Le Bonheur Children’s Hospital
A series of losses, including the death of her father, during Melody Cunningham’s childhood taught her the definition of compassion and the depth of the human experience. As a pediatric palliative care and hematology/oncology physician and medical director of Threads of Care, the palliative care program at Le Bonheur Children’s Hospital, Melody treasures every individual she comes in contact with.
A winding path of jobs and experiences led her to oncology, where compassionate mentors taught her a powerful distinction: to look at medical relationships as human relationships.
“I teach our medical students, residents and fellows that it’s OK to be human, to make mistakes and to say we’re sorry. As caregivers, we can laugh with families and we can cry with families,” says Melody.
“Melody’s character shines through her every action and her kindness is immeasurable. Her compassion for treating the whole family can not be put into words.”
Caring for her team is just as important as caring for her patients. Melody often arranges for her team to gather at her house to prepare food for the week, drops off food at team members’ homes when she knows they’ve had a difficult week, and has also been known to provide free babysitting services for colleagues. An active participant of the Schwartz Center Rounds® program, Melody emphasizes that it’s important for caregivers to remember they are human and to take the time needed to process thoughts and emotions.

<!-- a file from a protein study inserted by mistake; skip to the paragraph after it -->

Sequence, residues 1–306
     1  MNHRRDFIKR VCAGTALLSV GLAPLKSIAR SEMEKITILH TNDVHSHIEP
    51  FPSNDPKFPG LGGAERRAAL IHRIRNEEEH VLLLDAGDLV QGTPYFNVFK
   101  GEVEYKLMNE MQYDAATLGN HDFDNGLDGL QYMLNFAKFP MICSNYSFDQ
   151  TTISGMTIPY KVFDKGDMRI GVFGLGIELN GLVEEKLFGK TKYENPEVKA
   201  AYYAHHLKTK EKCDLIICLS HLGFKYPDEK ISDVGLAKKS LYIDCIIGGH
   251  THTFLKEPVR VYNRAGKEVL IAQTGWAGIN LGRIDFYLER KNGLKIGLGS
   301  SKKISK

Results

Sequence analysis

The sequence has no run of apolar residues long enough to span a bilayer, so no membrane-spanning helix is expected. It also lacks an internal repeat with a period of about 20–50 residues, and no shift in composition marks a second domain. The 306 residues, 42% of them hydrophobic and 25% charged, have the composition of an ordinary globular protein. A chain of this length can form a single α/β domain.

Together, Melody and her team work to make sure families feel like they always have a safety net. With a 24/7 phone line, caregivers are never out of reach.
“Throughout our son’s illness, Melody was available, day or night, to answer questions and provide comfort. Melody became our friend, caregiver, confidant and biggest advocate during the darkest period of our lives,” says a former patient’s mother.
Melody approaches her practice with listening ears and an empathizing heart. She often wears a bracelet with a pair of moccasins on it, which reminds her to step into the other person’s shoes and picture their journey from their perspective. Melody believes that listening to patients and understanding their point of view and how they define quality of life is integral to the healing process.
“Melody hugged us, cried with us, laughed and celebrated milestones over the course of our daughter’s illness,” says a former patient’s mother. “With Melody by our side, we never felt alone or incapable of caring for our daughter.”